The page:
A distinct branch of Abstract art has developed gradually from the increasing reduction of the representation of reality to the language of pure artistic form based on the complete autonomy of form, colour and gesture from the illusionistic representation and imitation of the physical world. Many theorists will emphasise the lack of affectation of this procedure since the aesthetic experience of the physical world is inherently abstract. Trees and mountains, for example, are perceived as beautiful because of their shapes, colours and textures, not because they look like “trees or mountains”. An abstract painter is cognisant of this. One of the rooms on the second floor is dedicated to this transitional phase between landscape painting or figurative representation and abstract composition, while the largest exhibition space on the second floor is devoted to monumental paintings of Gestural Abstraction, as its final derivative, which the period of our High Modernism is identified with. One of the rooms showcases abstract works based on the constructivist principles of compositional development with a combination of visual, mostly geometric forms that reflect the building principles of reality without any associations to its representation. A separate exhibition room is dedicated to the Gorgona Group (and Art Informel as its close affiliate), a secretive autochthonous proto-conceptual movement that expressed a nihilistic view of reality with an abstract visual language, having exerted a major influence on the Croatian art scene and anticipated many subsequent artistic phenomena. It extends into a display of works of the Group of Six Authors, as the most prominent representatives of the Post-Conceptual art practice who have transferred, during the 1970s in accordance with the mood of their generation and the spirit of the times, the Gorgonian concept of an anxiety-ridden anti-art into an anti-institutional mood, having achieved the level of success that ultimately musealised theirs and the related art practice. The monumental abstract sculpture that is set-up in the central room as a counterpart to the vehement painting of Abstract Expressionism, continues with the display of smaller versions on the bridge above the atrium. Finally, the last exhibition gallery presents Abstract art produced from the 1980s to the present day.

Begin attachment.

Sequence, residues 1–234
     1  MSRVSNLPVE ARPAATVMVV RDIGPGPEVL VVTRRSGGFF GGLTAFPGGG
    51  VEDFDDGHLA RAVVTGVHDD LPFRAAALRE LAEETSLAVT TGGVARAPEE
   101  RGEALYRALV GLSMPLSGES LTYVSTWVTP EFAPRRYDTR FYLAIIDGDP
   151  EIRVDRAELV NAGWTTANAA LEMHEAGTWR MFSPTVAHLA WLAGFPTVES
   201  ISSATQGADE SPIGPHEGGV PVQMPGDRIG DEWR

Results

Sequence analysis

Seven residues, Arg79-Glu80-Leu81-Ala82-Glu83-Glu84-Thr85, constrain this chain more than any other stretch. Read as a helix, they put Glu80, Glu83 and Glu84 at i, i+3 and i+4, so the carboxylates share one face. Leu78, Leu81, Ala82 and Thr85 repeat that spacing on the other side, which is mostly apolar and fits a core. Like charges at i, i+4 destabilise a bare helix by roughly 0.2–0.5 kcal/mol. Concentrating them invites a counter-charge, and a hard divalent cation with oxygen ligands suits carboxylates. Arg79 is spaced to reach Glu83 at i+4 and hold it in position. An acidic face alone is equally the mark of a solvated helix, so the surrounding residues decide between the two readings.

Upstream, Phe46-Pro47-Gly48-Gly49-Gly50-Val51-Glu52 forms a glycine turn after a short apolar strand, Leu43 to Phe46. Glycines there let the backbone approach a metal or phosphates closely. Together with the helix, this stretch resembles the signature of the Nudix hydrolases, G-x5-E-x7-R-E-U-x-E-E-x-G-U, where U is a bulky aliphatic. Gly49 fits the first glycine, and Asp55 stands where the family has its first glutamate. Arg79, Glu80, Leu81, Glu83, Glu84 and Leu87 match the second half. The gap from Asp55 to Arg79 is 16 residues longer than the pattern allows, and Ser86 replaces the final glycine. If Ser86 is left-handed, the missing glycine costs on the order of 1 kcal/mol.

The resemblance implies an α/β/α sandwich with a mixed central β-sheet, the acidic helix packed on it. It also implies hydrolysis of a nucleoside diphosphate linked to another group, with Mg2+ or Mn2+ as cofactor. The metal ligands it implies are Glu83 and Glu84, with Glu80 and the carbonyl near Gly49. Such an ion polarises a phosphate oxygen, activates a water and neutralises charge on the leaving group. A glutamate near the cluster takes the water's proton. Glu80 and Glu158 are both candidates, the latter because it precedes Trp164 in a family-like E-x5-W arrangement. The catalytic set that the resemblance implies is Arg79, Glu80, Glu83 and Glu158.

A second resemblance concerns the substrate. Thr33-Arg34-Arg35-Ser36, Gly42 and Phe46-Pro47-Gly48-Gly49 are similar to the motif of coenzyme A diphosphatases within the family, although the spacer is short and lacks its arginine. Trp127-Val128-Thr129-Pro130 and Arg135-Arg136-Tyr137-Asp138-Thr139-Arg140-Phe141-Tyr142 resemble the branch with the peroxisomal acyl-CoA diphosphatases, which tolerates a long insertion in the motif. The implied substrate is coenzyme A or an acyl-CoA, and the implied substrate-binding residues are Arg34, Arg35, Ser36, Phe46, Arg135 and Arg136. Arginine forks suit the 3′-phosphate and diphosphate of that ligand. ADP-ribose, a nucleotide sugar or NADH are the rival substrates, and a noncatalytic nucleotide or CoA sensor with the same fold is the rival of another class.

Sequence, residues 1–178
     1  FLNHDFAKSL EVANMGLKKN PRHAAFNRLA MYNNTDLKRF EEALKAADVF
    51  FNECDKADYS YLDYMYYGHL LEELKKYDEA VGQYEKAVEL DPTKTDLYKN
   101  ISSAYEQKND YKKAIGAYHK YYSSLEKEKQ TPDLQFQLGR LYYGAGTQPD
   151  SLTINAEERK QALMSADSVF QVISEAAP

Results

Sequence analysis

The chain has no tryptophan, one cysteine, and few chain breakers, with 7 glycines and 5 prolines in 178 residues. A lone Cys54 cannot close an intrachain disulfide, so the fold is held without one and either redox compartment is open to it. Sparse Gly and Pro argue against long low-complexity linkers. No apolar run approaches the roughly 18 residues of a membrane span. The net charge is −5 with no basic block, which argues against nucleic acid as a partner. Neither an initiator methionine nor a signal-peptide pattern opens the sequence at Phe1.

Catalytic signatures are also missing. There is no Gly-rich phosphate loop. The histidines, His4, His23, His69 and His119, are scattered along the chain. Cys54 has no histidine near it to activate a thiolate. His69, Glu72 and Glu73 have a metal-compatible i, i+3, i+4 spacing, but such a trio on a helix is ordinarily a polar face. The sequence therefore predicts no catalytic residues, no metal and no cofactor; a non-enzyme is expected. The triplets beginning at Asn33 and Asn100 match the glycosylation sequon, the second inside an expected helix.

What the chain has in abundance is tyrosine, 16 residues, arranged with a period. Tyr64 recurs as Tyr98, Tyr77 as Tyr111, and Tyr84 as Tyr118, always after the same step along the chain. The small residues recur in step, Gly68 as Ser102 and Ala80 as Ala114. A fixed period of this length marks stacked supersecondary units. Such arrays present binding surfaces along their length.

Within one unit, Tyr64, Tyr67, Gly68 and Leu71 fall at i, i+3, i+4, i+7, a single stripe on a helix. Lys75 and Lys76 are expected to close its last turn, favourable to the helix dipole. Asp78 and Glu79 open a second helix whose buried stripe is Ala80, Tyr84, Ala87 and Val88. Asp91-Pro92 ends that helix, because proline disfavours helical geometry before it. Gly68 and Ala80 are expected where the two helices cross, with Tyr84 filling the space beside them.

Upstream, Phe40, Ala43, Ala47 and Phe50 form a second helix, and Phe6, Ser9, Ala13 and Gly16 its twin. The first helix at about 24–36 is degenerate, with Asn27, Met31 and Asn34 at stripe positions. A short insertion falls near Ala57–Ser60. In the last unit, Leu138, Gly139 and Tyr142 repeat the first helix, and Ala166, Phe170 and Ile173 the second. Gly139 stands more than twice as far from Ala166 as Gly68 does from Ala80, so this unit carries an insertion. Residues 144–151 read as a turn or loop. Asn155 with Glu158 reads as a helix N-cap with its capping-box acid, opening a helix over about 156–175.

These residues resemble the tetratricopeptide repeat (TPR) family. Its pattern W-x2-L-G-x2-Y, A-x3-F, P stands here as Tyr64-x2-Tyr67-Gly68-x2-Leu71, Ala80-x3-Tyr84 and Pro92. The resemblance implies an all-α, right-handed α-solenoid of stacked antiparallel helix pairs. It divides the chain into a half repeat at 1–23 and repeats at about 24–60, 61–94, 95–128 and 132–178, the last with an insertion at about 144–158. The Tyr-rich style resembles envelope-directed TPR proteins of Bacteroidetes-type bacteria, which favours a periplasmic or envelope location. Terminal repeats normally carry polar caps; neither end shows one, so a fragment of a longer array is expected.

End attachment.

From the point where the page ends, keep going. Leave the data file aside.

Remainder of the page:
This concludes the story of Croatian art production, which summarises all the social and cognitive dynamics of the Modern era, in a manner that the collection of the National Museum of Modern Art is able to convey. In collaboration with our partners from Zadar, the exhibition will be complemented by a program of lectures, workshops and roundtables dedicated to artistic production, problems of its musealisation and representation. All in the hope of becoming, together with our audience, one mutually enriching world.
Branko Franceschi

Branko Franceschi, author of the exhibition concept

Photo: Goran Vranić © National Museum of Modern Art, Zagreb